Sir, – When the construction of the present Woolmead building was under discussion in the mid-1960s, there were those – we understand – who regarded the prospect with enthusiasm and even excitement. It would be ‘innovative’, ‘forward looking’ and in tune with the ‘most advanced’ architectural ‘thinking’, which was, at that time, the ‘new brutalism’ that has wrecked great swathes of our towns and cities.

It was also, of course, in tune with the motives of predatory business corporations whose sole interest in the places on which they descended, like wolves on the fold, was to extract as much financial profit as possible. It was in tune, too, with the ambition of ‘architects’ for employment, money and professional esteem.

Along with other embodiments of visual crassness in South Street, the resulting structure has defaced the eastern part of the town centre for half a century, and one’s spirits are inevitably raised by the thought of being at last rid of it. But much as we loathe the present building, we have begun to wonder whether leaving it in place would, for the time being, have been the lesser of two evils.

For whatever replaces it is certain to remain for at least another half century. Perhaps it would have been better to wait in hope of a general renaissance of architectural understanding and competence, which would include the architectural practices employed by large-scale developers.

The new brutalism of the 1960s didn’t pretend to respect, or even acknowledge, the environment into which it dumped its constructions. Things have changed now to the extent that there is often at least pretence, which usually takes the form of supposedly making ‘references’ to features or alleged features of the surrounding or adjacent townscape. This is the procedure followed in the scheme currently proposed for the Woolmead. There is an illustrated list of 10 such features in the architects’ plans, including the façade of the upper two storeys of No 3 Castle Street. But to refer to something is not, in itself, to emulate its gracefulness nor to harmonize with it.

It is easy, as with this example, to put horizontal or vertical strips across façades and claim that they are ‘bands’ or ‘surrounds’ that ‘refer’ to features in older buildings that could also be described as bands or surrounds. But the façade of the brick-faced building proposed would not echo the gracefulness of the rendered façade ‘referred’ to, in which the horizontal ‘band’ with its fine mouldings, echoes the mouldings of the window recesses beneath, which ‘step back’ in a measured way from the surrounding frame.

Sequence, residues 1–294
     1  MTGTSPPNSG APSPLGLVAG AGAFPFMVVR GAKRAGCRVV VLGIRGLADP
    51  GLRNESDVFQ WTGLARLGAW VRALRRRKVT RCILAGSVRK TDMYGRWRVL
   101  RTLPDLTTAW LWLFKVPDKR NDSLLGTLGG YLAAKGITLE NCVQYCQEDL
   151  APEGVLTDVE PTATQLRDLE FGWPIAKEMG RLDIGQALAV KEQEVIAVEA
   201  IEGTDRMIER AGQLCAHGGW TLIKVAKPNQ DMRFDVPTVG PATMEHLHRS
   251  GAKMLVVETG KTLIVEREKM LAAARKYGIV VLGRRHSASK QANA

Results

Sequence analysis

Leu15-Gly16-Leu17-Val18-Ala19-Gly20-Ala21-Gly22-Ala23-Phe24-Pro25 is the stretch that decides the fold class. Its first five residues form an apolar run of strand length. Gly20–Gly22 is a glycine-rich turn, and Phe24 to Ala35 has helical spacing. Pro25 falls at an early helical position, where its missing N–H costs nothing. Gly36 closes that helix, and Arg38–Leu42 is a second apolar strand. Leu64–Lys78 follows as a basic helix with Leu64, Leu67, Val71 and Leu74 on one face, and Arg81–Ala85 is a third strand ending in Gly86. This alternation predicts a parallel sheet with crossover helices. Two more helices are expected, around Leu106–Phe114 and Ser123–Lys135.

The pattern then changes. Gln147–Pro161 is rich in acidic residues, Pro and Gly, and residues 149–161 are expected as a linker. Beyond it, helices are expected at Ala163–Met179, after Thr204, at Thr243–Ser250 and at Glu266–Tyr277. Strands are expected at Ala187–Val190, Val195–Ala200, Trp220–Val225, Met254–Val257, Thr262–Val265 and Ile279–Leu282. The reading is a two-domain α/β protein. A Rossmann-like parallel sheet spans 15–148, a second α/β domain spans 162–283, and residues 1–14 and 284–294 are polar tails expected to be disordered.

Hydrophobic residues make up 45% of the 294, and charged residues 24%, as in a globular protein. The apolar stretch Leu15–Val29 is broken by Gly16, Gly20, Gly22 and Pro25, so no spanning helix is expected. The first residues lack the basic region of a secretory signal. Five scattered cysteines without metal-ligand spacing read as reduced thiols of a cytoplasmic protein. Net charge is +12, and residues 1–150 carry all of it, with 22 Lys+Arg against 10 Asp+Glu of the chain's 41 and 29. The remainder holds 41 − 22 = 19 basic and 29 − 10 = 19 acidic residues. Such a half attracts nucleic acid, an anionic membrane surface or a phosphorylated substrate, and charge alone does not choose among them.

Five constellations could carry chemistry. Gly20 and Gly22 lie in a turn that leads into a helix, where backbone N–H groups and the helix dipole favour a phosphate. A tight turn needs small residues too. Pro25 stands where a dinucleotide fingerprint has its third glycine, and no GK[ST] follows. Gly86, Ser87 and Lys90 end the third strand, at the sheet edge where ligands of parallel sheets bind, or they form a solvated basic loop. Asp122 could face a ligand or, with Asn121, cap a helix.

As happens so often with banal modern architecture, the token gesture of ‘reference’ to existing buildings consists of simplistic caricature: a crude simplified diagram of the chosen features is constructed in building materials, a diagram devoid of the detailed articulation which embodies the visual meaning of the original. There is nothing to suggest that windows in general will be much more than holes in the wall, perfunctorily framed.

In short, these ‘references’ do nothing whatsoever to integrate the new building visually into the Farnham townscape. One might as well place large inscriptions on the façades, saying ‘these building harmonize with Farnham’.

Notwithstanding our observations about the condition of contemporary architecture, there are, of course, many individual intelligent and undogmatic architects. And as it happens several such reside in Farnham, including a man highly distinguished by his record of service to the town: Michael Blower.

His proposal for an alternative scheme would, of course, depend upon the successful integration of such details as windows, which his plans could not possibly, at this stage, describe. Nevertheless, the plans illustrated in last week’s Herald (the large scale versions of which we have seen) are at least sufficient to suggest that something much better could be contrived.

At present, the Woolmead’s visually unyielding surfaces constitute a long stretch of unrelieved dreariness. The long slab of the new proposed scheme would repeat this unappealing characteristic. Dividing the scheme into three free-standing structures, with generously scaled passages between them to gardens and courtyards, would make it much more welcoming to both residents of Farnham and visitors.

Whether or not this specific proposal should be accepted and developed, that aspect of it at least ought to receive serious attention. We should be grateful to Michael Blower for proposing it.

Eric & Mary Ann Coombes, Ford Lane, Farnham

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